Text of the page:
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What Should I Do Now?

June 29, 2015

Well, the weekend has come and gone since the historic Supreme Court decision to legalize same-sex marriage across all 50 states.  If I had been tempted to use this past weekend as a time to ponder what I should think/do/believe in response to that decision I have had plenty of help.  I’ve had links to no less than 19 articles e-mailed to me giving specific instructions.  A rather simple search of the net gave me access to hundreds more.  And that is only among Christian voices.

Some of the things I read were quite thoughtful and well-written.  I’ve shared their opinions with many of my friends.  A few were rather painfully bombastic.  Phrases like “a spiritual 9/11,” “a national calamity,” and “the first step in the criminalization of Christianity” struck me.  Some writers gave specific steps for me to follow.  This guy gave me a list of six things to do, while this other guy came up with a list of five.

If you have been active in the battle to (a) protect traditional marriage or (b) achieve marriage equality, this is an interesting Monday.  The law of the land has changed.  Do you go on fighting and, if so, for what?  If you have been passionate on either side I am sure your answer is, yes, we need to keep fighting.  But I suspect that a lot of people who have been on your side may feel that the battle is over and not want to join you.

A big fear I see being expressed by a lot of my fellow evangelicals is that “they” are coming to get us; that there will now be a battle to take away the right of Christians to openly believe that marriage is between one man and one woman.  The fear is strong in spite of the clear wording of the court majority that this ruling does not deny that free expression.  It is a sign of the rancor of this debate that many Christians simply do not believe them, calling it “lip service.”  I find it somewhat ironic that we fear that there will be attempts to force a definition of marriage on us when, up until Friday, many of us had been fighting to force our definition of marriage on others.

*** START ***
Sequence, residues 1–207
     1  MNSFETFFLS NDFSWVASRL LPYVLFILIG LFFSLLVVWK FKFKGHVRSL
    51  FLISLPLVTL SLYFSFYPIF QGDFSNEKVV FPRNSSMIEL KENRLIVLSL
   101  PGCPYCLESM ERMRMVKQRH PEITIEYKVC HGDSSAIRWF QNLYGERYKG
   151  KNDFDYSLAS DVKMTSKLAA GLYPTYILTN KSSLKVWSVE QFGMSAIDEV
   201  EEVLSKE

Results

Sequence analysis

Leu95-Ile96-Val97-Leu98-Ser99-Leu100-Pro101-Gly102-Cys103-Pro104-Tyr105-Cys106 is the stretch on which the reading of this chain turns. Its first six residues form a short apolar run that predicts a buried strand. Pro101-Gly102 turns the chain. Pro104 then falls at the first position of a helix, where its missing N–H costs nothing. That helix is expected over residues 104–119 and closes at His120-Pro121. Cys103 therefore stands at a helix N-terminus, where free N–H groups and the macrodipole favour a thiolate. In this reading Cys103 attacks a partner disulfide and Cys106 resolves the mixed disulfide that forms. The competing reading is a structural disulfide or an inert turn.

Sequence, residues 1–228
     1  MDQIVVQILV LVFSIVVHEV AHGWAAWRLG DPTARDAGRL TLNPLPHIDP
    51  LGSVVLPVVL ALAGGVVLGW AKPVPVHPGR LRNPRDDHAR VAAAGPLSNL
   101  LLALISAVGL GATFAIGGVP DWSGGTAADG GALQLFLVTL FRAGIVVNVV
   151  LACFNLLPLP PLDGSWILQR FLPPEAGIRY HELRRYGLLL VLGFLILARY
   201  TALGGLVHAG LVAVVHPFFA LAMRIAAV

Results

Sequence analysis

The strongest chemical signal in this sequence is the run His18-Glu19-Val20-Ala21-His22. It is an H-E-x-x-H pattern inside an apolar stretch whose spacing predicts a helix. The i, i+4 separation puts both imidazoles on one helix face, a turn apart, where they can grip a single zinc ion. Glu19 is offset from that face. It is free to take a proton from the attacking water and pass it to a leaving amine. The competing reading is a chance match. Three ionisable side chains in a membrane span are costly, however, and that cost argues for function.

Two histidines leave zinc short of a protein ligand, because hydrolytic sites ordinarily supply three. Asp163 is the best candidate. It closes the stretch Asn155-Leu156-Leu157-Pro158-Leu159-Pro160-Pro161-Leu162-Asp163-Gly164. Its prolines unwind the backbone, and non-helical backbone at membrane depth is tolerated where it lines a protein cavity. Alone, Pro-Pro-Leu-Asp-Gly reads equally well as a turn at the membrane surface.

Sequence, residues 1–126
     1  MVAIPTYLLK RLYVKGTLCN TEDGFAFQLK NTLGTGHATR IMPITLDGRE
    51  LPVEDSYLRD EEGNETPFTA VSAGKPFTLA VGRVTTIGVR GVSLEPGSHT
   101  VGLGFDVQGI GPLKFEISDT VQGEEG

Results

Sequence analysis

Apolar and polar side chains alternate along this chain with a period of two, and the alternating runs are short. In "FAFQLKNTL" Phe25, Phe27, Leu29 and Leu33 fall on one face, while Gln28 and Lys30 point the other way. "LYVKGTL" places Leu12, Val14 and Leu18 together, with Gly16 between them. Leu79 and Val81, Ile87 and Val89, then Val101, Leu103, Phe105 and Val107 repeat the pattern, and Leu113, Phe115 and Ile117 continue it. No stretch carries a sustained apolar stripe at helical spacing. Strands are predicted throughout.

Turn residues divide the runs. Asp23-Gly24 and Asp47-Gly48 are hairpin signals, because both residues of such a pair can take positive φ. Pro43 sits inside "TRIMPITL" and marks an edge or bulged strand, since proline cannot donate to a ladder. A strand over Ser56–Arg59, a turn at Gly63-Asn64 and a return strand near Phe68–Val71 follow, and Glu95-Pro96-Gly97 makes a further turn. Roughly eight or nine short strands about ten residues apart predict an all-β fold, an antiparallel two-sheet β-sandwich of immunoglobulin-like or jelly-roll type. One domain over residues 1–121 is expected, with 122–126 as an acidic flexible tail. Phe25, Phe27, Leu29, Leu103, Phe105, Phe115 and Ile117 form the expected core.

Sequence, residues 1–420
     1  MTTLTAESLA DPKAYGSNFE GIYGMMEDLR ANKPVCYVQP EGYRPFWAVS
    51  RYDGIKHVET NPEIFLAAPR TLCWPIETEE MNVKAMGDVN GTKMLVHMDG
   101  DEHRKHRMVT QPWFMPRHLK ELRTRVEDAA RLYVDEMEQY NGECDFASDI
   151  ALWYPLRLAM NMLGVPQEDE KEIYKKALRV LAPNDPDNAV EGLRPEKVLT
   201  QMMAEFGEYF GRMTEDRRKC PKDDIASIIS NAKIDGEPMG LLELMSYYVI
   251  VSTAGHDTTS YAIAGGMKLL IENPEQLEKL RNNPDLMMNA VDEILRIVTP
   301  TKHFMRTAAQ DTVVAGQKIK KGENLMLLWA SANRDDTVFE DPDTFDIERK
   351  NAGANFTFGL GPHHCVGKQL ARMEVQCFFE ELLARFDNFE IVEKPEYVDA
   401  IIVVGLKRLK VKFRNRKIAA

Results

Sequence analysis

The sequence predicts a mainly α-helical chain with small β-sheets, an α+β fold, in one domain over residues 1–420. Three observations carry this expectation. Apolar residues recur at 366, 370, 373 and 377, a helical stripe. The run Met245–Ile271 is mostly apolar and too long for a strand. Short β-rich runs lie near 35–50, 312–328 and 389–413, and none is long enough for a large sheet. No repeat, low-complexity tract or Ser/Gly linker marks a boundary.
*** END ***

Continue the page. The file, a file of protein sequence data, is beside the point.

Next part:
And this seems to me to be the biggest take-away.  I think it is time to stop looking to the political arena for help in promoting our moral choices.  Some Republican presidential candidates are pushing for a constitutional amendment to either re-establish our definition of marriage or to create a mechanism to remove justices with whom we disagree.  Don’t believe them.  They either know darn well this will never happen, the amendment procedures are too great, and they are lying to you; or they are too stupid to vote for.

What actually has changed in what the mission, focus and beliefs of the evangelical church should be since last week?

Nothing.

We have simply joined the rest of the world, and much of early church history, in needing to go on with our mission in an environment where government cannot be looked to for help in advancing our beliefs via civil law.  Freedom of religion is not a biblical issue.  The Bible never even hints that we will have it and pretty much promises that we will not.  This is strictly an American civil issue.  The Supreme Court says we still have it.  Many of us doubt them.  Who is right?  I tend to think that God’s answer is “It doesn’t matter.”

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